What can we learn from 2015’s devastating floods?

  • 4 Jan 2016

Late last year in the North of England areas of Cumbria were devastated by some of the heaviest rainfall and worst flooding Britain has seen in decades. 

Thousands of homes to be left without power and damaged by the flooding, emergency services were overwhelmed and there were several fatalities.

This is not the first time that the country has been ravaged by floods, which have had an enormous and devastating impact on local communities. 

ESS, a UK-based environmental waste treatment and recycling firm, looks into how this has happened, and asks what can we learn from events like these that are becoming a regular part of UK weather?

What has happened?

Storm Desmond has battered the UK with rough weather, ravaging the north of England with high winds and heavy rain which is still affecting homes, businesses and local communities. 

The storm has resulted in widespread flooding in a number of local areas. In Honister, in the Lake District, a record breaking 341.4mm of rain fell, cutting transport links and flooding over 3,500 homes.

What was the impact and fallout?

Tens of thousands of people left without power and thousands with flooded homes and businesses are just part of Storm Desmond’s impact in the north. The cost of the recent flooding is currently unknown, however George Osborne recently announced a £50m flood fund to cover the costs as a result of the damage left in the wake of the storm.

A report put to parliament in 2014 put the average annual cost of flooding damage across the UK to £1.1bn. 

Whilst there hasn’t been any indication yet on the wider costs of the flooding in Cumbria, it seems like the impact, damage and widespread effects aren’t improving; therefore it’s reasonable to say that this figure will be consistent for this year’s flooding.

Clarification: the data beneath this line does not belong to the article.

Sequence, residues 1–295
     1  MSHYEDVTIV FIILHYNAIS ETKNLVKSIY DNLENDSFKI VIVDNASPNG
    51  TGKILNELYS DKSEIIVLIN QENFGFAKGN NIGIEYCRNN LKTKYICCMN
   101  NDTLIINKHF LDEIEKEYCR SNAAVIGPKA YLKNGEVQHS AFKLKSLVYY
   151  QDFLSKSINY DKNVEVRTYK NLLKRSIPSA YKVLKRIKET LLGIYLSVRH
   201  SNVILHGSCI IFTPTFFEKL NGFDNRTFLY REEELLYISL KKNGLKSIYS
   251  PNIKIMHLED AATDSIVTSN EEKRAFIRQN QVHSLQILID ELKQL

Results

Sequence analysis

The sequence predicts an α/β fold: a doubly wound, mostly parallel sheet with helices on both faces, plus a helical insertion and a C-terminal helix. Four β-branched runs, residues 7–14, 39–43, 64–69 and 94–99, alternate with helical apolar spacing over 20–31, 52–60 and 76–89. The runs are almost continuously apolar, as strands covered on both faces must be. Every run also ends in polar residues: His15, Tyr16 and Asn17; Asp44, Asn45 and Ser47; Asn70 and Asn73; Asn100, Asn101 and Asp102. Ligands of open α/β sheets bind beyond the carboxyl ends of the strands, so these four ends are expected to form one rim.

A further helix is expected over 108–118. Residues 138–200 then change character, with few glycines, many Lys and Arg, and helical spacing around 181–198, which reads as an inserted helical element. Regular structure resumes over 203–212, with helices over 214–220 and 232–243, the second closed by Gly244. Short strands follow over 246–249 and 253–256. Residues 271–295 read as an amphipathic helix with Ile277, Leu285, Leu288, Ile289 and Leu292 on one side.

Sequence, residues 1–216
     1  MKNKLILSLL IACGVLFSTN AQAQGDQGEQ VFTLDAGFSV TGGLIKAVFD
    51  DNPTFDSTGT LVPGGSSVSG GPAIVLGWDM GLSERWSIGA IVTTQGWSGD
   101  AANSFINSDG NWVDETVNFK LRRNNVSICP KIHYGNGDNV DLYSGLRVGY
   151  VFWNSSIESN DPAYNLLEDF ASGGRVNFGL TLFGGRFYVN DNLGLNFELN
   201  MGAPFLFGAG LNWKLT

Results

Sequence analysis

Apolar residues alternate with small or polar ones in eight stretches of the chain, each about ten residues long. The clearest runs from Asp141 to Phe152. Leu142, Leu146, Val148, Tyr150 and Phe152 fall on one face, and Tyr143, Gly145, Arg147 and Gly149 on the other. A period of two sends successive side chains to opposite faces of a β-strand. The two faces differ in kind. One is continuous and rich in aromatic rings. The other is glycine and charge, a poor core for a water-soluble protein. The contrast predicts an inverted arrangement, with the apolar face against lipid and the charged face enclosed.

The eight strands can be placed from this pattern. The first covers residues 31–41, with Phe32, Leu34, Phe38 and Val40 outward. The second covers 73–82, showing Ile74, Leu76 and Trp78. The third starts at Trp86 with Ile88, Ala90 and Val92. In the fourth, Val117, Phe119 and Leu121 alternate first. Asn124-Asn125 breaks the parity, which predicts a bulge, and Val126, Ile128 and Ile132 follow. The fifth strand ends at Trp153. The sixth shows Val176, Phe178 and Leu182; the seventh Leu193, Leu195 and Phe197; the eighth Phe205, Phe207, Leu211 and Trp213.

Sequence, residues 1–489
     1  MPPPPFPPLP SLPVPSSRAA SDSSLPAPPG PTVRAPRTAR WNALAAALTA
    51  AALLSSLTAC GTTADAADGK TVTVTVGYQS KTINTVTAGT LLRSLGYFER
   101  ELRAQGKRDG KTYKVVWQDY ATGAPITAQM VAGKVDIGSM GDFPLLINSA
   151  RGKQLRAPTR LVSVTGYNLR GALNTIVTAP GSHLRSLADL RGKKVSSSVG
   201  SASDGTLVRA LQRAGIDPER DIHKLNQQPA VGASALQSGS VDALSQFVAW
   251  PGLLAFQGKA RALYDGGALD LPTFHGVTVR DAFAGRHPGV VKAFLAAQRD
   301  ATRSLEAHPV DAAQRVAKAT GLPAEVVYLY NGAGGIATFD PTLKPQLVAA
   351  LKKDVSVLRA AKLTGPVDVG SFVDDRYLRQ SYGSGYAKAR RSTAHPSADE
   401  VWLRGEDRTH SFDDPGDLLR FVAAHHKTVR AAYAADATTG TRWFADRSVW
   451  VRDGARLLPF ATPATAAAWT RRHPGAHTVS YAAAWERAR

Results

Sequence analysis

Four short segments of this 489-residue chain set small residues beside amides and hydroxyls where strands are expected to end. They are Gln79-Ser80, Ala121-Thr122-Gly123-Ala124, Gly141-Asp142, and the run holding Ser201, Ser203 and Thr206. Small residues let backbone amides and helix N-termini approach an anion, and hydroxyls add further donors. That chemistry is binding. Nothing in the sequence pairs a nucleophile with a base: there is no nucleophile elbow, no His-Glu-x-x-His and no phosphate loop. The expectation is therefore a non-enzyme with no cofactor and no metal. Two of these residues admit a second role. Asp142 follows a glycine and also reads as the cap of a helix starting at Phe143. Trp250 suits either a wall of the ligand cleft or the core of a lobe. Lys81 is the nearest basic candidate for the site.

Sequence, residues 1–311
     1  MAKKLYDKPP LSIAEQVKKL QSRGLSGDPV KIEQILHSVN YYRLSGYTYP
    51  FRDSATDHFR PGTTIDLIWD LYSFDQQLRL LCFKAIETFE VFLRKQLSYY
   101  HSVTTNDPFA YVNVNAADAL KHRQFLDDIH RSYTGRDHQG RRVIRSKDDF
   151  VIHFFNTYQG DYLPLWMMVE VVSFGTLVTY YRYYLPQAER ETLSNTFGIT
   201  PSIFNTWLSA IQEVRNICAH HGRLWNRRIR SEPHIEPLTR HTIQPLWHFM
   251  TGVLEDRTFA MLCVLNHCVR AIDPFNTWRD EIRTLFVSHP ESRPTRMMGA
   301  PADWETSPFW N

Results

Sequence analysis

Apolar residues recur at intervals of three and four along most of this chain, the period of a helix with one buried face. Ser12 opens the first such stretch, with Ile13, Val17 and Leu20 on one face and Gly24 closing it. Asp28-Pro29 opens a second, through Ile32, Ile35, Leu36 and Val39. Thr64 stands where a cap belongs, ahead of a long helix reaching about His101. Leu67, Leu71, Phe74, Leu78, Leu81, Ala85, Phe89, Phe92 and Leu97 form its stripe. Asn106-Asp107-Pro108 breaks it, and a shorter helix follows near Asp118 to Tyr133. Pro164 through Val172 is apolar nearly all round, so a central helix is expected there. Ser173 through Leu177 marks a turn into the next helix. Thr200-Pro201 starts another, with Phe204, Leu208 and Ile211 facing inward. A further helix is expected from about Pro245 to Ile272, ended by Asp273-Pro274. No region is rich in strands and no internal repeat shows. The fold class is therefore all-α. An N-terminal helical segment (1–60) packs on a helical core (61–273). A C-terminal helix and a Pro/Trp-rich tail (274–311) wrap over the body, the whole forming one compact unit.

What can we learn & what are the next steps?

“If the government is serious about infrastructure, then flood defences should be a greater priority than HS2 or another airport runway” – The Guardian (07/12)

It goes without saying that current strategies, plans and defences need to be improved; events such as Storm Desmond are not one-off and unexpected.

The same report put to parliament also mentions how increasing amounts of money spent on flood defences won’t be wasted, and can help offset the cost of damages by reducing the impact of flooding.

The two statements coming out of the impact of the flooding are calls for an increase in funding for flood defence costs and a continued approach on tackling climate change; although the Met Office has stated that the most recent flooding cannot be confirmed as being linked to this.

Tom Burke, chairman of environmental group E3G, suggests that the current spend alone isn’t enough. On his own website, he commented: “Each time millions of pounds were spent improving flood defences in the region. Each time the defences were overwhelmed by the next ‘unprecedented’ event.

The question the government really needs to answer is why have we had so many unprecedented events in so short a space of time. How many times does it take to set a precedent?”

It appears as if these plans are already being suggested to government, with MP Elizabeth Truss recently addressing the House of Commons on plans for further investment in flood defences. 

In her statement she stated: “Since 2009 we have invested £45million in new defences in Cumbria. But we will need to learn lessons and reflect on what we can learn from this extreme weather event.

We are investing £2.3bn in 1500 schemes throughout the country that will better protect 300,000 homes and the Spending Review has also confirmed that we’re protecting flood maintenance spending throughout this Parliament as well as capital spending.”

Will this be enough?

The 2014 report to Parliament suggests that the cost of flooding as a result of damage is only likely to increase enormously in the long term; the report suggests a rise to as much as £27bn per year by 2080 if action isn’t taken.

One thing that has been made clear by recent events is that what is currently in place needs improvement. More investment from local government and more funding from central government will allow this to happen.

Whilst the short-term costs of flood defences will need to see a significant increase; the long-term effects will ensure not only lower costs of damages but less risk to homes, businesses and local communities.

Visit the ESS website

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